In 1997, their 4-year-old son was diagnosed with autism. As a board member for the group Cure Autism Now, Emken pushed to expand awareness and resources. When the organization merged with Autism Speaks a decade later, the new entity made Emken vice president of governmental relations.
She pressed lawmakers in both parties to pass the Children’s Health Act of 2000, the Combating Autism Act of 2006 and laws in more than two dozen states requiring insurers to cover behavioral health treatments for the disease. All required bipartisan backing.
Craig Snyder, a lobbyist who worked for both nonprofits, recalled an early meeting with now-retired Pennsylvania Sen. Arlen Specter, who held the purse strings for federal research. Specter “was in a foul mood” during the five minute “walk-and-talk” outside chambers, dismissing Emken and Snyder for seeking “miracles with dollars that don’t exist.” Then Emken got inches from his face.
“Are you trying to say that a mother of a sick child doesn’t have the right to petition an elected official for the rights of that child?” Snyder recalled her asking. “The tenor of the meeting changed 180 degrees,” he said.
Emken decided to run for office in 2009 when she met with Rep. Jerry McNerney (D-Pleasanton) — her congressman — while pushing for specific directives in the Affordable Care Act. His apparent lack of attention to her concerns incensed her, and she decided she “could do better,” she said.
Of four Republican contenders who stuck it out until election day 2010, she came in last.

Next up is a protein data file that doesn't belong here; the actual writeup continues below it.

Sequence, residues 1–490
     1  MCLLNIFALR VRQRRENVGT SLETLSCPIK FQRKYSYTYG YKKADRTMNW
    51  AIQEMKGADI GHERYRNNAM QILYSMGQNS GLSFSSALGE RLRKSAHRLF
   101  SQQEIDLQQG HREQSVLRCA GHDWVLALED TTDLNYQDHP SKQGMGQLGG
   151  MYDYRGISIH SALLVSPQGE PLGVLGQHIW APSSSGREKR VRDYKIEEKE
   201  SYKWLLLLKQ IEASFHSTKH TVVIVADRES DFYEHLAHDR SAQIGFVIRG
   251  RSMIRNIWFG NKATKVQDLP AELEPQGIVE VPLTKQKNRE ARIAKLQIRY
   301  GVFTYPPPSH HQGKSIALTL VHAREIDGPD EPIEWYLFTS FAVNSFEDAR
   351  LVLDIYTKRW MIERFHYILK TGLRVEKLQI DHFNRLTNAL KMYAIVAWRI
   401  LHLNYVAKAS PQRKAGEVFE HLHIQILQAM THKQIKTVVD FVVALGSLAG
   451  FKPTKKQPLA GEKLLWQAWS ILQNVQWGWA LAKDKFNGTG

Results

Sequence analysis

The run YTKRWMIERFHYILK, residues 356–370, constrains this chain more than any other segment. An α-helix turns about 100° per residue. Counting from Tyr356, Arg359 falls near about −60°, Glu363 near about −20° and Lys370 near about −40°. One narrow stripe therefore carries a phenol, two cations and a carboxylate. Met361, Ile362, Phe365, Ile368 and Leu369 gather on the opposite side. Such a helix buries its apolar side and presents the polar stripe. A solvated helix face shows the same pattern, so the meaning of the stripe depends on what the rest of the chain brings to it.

This year, Emken secured the GOP endorsement and then spent heavily to be featured in mail advertisements sent to millions of conservative voters. California Republican Party Chairman Tom Del Beccaro said the party saw in Emken someone with previous political experience who was “articulate, someone with the energy to go around the state, someone with a full campaign team and plan ... who would be unafraid of taking Sen. Feinstein on on issues.”
Still, the most recently available records show the party has contributed only $5,000 to Emken — an in-kind donation for slate mail just weeks before the June primary. Under new rules in which the top two finishers advance to the November election regardless of party affiliation, Emken placed second in a field of 22, with 13% of the vote to Feinstein’s 49%.
Her slate mail strategy has come back to haunt her. Landslide Communications contends Emken bolstered her reserves with a $200,000 personal loan this spring before entering into a contract for 5.5 million mailers. Landslide has sued, contending that although she repaid herself within weeks, she still owes the company $65,000.
Campaign spokesman Mark Standriff said it would be “irresponsible for us to comment on an ongoing lawsuit” but predicted it would be resolved “to everyone’s satisfaction.”
Feinstein campaign consultant Bill Carrick, meanwhile, has called Emken “the weakest opponent Sen. Feinstein has ever had.” Feinstein rejected a debate with Emken, he said, because the senator was busy “doing a real job.”
Emken said that she has not considered next steps if she loses but that she had been bitten by the politics bug.
“I really would like to serve,” she said.